By Dr Hassem Ghea
A 27 year old male presented for dental check-up.
On general physical examination, the patient was well built and nourished and did not exhibit any physical or skeletal abnormality and showed no signs of mental retardation. Intraoral examination revealed missing 38, 47 and 48. The patient did not recall doing any extraction.
Based on clinical findings panoramic was advised which revealed horizontally impacted mandibular third molar on the left side and the second and third molar on the right side were facing each other with contact of occlusal surfaces with apparent single follicular space.
The apex of the root of 47 superimpose over the apex of the distal root of 46.There were no cystic changes and the jaw bones showed normal trabecular pattern and density. Based on the radiographic findings kissing molars was diagnosed. Mandibular third molars are the most common impacted teeth, whose etiology is multifactorial in the already present vast literature related to its occurrence. Impaction of the mandibular second molar, does not present the same frequency, being a rare clinical condition, as well as the
The term “kissing molars” (KM) or “rosette formation” refers to impacted mandibular second and third molars, which have occlusal surfaces contacting each other in a single follicular space and roots pointing in opposite directions.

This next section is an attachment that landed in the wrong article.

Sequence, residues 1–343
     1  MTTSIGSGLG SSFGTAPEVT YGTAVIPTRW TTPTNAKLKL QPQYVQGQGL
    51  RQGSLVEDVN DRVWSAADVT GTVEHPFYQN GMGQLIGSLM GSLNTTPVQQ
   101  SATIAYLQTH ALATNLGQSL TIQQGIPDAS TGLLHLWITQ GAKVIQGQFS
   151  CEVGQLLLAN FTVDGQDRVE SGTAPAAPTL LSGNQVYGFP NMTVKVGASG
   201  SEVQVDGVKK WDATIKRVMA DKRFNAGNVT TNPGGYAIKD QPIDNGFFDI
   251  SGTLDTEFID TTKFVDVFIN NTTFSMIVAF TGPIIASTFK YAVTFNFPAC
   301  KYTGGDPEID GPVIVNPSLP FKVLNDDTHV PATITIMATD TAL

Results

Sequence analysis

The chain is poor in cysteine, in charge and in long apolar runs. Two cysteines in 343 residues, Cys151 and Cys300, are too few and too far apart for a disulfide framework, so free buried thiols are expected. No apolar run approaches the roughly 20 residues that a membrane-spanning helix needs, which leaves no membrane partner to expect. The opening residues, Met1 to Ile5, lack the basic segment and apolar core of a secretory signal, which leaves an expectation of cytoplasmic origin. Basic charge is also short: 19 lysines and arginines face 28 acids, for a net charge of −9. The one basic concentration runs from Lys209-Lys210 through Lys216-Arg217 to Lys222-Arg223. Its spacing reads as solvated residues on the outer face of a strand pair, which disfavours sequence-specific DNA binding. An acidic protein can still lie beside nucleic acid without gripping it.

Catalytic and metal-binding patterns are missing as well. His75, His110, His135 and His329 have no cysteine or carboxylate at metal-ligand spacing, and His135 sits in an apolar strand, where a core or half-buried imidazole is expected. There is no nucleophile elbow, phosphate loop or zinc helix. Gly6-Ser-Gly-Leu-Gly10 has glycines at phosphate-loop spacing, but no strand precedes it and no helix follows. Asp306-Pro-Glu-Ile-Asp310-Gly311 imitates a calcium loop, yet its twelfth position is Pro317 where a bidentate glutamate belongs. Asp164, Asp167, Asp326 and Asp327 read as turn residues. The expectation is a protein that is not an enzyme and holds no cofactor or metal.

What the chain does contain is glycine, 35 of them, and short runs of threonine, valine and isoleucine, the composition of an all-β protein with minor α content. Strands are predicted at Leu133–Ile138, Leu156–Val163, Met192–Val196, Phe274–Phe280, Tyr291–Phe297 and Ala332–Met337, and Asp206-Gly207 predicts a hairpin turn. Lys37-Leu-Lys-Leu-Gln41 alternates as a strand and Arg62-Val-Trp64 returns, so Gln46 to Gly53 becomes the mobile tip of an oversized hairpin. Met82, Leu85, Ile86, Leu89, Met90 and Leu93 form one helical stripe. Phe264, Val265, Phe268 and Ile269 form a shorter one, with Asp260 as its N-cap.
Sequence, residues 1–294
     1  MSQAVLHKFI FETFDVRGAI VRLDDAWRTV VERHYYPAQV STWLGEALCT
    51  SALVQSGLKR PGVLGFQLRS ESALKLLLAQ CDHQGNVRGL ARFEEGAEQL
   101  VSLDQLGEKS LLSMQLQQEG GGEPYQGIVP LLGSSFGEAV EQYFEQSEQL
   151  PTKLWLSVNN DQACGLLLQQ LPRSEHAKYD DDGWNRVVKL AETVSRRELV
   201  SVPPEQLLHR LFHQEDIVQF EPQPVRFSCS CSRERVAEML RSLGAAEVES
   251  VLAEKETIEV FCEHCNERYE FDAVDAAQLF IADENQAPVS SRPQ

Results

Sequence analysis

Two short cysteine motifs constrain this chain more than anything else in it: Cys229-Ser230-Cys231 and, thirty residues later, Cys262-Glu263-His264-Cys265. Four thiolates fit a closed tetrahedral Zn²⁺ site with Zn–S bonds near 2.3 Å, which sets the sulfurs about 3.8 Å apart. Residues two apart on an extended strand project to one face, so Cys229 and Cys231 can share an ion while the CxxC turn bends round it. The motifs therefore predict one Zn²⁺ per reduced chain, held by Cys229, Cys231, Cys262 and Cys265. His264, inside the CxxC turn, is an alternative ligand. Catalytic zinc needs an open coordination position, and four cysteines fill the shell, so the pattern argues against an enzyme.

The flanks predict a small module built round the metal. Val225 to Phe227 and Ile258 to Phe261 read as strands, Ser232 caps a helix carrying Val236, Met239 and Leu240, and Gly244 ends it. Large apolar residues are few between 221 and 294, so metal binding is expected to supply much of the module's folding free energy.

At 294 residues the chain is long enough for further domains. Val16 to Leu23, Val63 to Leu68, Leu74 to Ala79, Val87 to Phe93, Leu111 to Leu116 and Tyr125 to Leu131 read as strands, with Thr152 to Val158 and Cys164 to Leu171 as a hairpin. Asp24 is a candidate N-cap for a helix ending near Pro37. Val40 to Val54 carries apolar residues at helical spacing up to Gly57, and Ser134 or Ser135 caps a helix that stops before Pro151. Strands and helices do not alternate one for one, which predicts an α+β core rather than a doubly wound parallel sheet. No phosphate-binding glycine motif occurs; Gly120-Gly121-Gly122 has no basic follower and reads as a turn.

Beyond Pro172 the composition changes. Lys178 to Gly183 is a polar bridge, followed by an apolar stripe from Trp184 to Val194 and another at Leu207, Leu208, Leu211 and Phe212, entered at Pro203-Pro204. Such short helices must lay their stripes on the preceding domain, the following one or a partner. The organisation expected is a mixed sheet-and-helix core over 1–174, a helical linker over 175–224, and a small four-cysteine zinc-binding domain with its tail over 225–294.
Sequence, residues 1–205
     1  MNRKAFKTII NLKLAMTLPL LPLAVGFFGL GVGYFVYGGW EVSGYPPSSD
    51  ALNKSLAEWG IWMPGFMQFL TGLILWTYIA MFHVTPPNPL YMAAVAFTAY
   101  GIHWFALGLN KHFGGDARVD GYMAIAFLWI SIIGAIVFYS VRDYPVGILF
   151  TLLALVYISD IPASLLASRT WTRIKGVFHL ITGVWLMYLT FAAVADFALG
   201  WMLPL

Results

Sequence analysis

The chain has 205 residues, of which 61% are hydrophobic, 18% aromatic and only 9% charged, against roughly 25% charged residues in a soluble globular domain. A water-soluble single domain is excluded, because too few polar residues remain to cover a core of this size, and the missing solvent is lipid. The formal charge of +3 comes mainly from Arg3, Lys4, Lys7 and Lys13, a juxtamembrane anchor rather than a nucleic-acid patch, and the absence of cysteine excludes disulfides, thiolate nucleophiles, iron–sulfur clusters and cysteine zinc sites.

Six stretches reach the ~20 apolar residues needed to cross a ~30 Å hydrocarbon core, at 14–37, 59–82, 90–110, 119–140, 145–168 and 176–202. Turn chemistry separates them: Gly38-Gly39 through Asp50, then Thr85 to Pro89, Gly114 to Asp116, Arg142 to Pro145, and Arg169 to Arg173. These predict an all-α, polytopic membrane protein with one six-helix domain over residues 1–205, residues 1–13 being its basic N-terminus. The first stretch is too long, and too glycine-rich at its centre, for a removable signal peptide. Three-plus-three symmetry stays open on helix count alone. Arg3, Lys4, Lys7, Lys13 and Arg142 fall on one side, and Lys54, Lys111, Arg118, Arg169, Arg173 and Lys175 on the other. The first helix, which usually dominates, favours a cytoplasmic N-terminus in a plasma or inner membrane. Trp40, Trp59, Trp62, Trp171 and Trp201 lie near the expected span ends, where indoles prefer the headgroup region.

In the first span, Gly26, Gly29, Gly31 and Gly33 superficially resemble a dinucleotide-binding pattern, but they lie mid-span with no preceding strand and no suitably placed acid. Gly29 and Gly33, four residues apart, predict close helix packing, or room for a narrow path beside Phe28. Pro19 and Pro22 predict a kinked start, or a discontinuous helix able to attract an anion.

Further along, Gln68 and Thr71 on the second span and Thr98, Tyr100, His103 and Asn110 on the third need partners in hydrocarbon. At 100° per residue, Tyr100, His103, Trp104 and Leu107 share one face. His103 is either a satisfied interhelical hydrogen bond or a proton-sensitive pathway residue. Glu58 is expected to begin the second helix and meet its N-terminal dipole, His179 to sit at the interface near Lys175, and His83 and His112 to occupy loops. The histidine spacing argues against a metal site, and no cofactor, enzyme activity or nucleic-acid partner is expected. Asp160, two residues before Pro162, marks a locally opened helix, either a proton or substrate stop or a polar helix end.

However, this term has also been used to describe a similar appearance with other impacted molars. Occurrence of this phenomenon is extremely rare with very limited cases in the dental literature and the etiology remains unknown.
The decision on removal of asymptomatic lower third molars represents a surgical challenge.The Kissing Molars are in the same situation. This can be explained by the elevated rates of complications that can be assigned to the removal of impacted teeth, such as:
- manibular fractures during the surgery or post operatory,
- dry socket
- or damage to the aveolar nerve
On the other hand, the maintenance of these teeth can be tied to other complications such as:
reduction of mandible bone tissue, which increases the risk of mandibular fracture,
root resorption of adjacent teeth,
local pain or cystic changes
In order to reduce or even prevent these complications, it becomes necessary the prior surgical planning, as well as the knowledge of the professionals and patients concerning the potential risks of this surgical intervention. In the moment of surgical planning, panoramic X-rays are considered the gold standard in most cases , being possible use CT or CBCT scans for evaluation of proximity with the mandibular lingual nerve, or even pathologic alterations.
Care must be taken to avoid the lingual nerve injury, especially in cases where there is a ceiling of proximity between the alveolar channel and the tooth roots.
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